Lola and Finn's Mum

Lola and Finn's Mum

Wednesday, 11 January 2012

More from the pudding club - berry sponge puddings

I must admit to really adoring sponge puddings and I think it is something within my English DNA that means that I find it hard to resist the sponge, the fruit and the custard, or cream, or ice cream; whichever is your chosen creaminess.

This pudding was inspired by 'Very Berry Puds' from Jill Dupleix's marvellous cookery book 'Lighten Up'. It satisfies my needs for a sponge pudding, but also is a way of using up the glut of fruits that I have in my freezer. I am extremely unfortunate to receive lots of fruit during the Summer and Autumn, from sour redcurrants to sweet Victoria plums and indeed I tend to buy fruit when in season and at a good price and freeze it so I am able to have a taste of Summer in the depths of Winter. On this occasion I used blackberries but any 'berry' fruit would work fine I would think. Because I used blackberries that were frozen I decided to give them a little oomph with a sprinkling of sugar and a splosh of blackberry liqueur (one of my stash from France; I can't resist a liqueur purchase whenever I visit) but this is by no means necessary; a sprinkling of sugar or a different alcohol (port or sherry?) would work just as well.

I used dariole moulds here, which are like little pudding moulds for the uninitiated, but you could use ramekins or any other suitable ovenproof pot. I imagine with a little vigilance when in the oven, and a bit of patience you could make one big pudding in a pudding bowl, though it will take longer to cook.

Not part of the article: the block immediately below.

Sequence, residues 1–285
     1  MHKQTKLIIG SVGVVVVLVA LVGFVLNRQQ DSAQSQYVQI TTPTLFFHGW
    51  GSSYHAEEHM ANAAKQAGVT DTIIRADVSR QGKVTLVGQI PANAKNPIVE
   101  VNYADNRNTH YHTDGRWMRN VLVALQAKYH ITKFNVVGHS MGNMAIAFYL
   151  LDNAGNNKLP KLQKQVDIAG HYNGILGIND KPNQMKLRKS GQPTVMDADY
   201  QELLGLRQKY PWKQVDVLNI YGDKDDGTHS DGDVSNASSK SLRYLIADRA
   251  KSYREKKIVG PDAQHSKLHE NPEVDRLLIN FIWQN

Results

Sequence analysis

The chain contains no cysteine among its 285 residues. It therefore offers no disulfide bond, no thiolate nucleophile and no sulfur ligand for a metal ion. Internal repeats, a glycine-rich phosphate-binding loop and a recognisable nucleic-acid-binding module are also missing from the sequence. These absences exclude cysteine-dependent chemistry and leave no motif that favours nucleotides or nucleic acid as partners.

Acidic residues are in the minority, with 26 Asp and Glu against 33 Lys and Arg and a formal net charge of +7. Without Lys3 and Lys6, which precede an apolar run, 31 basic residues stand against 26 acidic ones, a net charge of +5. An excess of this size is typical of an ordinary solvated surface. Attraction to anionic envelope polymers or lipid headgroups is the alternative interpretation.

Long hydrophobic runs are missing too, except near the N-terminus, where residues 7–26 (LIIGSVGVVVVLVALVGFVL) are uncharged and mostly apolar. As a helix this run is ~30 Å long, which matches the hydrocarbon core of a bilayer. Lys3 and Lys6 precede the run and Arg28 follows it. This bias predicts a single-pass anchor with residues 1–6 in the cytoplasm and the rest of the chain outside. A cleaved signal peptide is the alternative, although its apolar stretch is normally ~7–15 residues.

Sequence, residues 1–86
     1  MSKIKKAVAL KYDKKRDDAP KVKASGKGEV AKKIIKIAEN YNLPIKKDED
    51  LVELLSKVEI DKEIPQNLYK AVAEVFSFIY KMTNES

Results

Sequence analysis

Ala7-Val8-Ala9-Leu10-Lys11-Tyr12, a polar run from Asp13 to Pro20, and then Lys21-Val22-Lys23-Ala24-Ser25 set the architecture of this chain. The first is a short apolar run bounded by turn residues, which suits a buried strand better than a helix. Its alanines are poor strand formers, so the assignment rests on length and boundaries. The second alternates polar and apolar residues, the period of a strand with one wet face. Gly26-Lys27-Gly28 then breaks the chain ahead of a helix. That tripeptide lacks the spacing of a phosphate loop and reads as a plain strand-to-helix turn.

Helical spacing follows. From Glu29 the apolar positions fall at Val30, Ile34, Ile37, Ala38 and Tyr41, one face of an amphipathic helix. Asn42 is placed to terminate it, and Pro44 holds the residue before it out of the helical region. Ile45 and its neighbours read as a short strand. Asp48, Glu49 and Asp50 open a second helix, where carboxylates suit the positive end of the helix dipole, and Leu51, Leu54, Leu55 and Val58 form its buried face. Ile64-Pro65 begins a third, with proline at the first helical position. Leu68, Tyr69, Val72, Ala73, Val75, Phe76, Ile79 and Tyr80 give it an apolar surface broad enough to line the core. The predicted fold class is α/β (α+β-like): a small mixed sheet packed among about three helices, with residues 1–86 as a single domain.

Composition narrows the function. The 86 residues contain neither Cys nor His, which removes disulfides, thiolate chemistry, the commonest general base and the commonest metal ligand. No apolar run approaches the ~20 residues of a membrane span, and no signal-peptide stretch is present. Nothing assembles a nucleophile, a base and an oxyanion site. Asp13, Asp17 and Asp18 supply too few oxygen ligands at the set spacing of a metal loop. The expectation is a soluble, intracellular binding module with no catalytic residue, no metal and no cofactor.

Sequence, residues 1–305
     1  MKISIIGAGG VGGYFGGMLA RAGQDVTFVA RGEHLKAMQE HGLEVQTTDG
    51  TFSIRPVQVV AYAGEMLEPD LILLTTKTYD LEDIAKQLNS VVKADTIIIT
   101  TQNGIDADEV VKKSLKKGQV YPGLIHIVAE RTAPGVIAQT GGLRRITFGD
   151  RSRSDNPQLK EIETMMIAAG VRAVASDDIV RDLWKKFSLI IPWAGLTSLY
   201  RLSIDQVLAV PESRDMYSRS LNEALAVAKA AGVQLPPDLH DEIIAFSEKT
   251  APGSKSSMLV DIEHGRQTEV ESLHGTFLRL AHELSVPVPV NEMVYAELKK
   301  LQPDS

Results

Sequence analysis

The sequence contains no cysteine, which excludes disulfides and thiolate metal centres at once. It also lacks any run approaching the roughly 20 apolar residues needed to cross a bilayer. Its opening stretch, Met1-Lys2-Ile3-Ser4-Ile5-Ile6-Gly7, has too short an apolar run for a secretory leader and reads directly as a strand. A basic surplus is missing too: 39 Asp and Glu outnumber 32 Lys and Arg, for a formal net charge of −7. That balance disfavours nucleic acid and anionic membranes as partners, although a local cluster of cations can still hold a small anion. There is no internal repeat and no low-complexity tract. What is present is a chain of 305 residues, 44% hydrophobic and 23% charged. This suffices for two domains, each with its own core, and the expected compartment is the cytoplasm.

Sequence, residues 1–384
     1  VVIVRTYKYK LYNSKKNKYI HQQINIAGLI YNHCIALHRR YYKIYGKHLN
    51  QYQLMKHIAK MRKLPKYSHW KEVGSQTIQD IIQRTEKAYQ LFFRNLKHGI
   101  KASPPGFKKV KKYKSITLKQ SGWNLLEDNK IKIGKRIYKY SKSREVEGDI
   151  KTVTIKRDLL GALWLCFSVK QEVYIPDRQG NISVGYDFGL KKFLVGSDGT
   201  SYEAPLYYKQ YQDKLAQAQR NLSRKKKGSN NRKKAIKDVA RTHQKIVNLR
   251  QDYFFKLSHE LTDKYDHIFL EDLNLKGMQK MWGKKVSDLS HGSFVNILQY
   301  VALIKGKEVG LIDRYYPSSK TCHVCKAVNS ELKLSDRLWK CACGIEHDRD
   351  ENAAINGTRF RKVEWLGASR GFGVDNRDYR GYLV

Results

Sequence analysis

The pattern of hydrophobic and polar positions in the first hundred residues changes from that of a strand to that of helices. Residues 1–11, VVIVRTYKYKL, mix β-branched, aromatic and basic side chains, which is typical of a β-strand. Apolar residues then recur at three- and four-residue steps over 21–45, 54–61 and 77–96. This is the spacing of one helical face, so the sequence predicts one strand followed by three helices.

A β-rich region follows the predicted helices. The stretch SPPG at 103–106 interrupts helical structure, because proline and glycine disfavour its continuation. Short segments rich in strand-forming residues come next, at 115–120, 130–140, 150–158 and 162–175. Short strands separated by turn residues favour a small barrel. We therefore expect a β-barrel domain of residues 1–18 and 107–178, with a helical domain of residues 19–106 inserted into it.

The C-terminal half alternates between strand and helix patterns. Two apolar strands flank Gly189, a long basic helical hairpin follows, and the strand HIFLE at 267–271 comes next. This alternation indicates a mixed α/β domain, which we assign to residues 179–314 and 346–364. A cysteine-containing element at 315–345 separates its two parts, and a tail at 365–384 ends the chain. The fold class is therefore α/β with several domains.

Berry Sponge Puddings, adopted from 'Very Berry Puds' from 'Lighten Up' by Jill Dupleix.

Serves 4 - 6, depending on mould size and appetite. For us, it fed mum, dad, Lola and Finn twice.


125g softened butter, plus extra for greasing the pots.
125g caster sugar
2 eggs, at room temperature
125g plain flour
1 tsp baking powder
pinch of salt
1/2 tsp vanilla extract
200g berries (I used blackberries)

plus, liqueur for marinating the berries (optional) and sugar (to taste - depending on the sourness of your berries and your own palate)


Preheat the oven to 180c and Gas 4

Butter the moulds well and add sugar to the berries and a splosh of liqueur if you like and allow to marinate for a few minutes or so.

Beat the butter and caster sugar together in a bowl until light and fluffy.

Beat in the eggs well, one at a time. If the mixture starts to look split, add a spoonful of the flour to bring it back.

Sift the flour, salt and baking powder and then add to the mix in thirds, alternating with the milk. Then add the vanilla.

Beat until the mixture is smooth. No longer.

Put a layer of berries in the bottom of the moulds.

Top with the sponge mixture, only filling the moulds about three quarters full. The mixture will rise.

Stand the moulds in a baking tray and surround with boiling water so that it comes about two thirds of the way up the sides of the moulds.

Bake for about 35 - 40 mins or until browned and springy to the the touch.

To turn out, run a knife around the sides of the mould and then invert into a suitable bowl or rimmed plate.

Heat the remaining berries in a pan with some sugar, to taste, and a splosh of alcohol or water. You are looking to create something a little saucy.

When you are happy with the look and the taste of the sauce, spoon it over the puddings.
If you wish to gild the lily, add cream, ice cream, custard...

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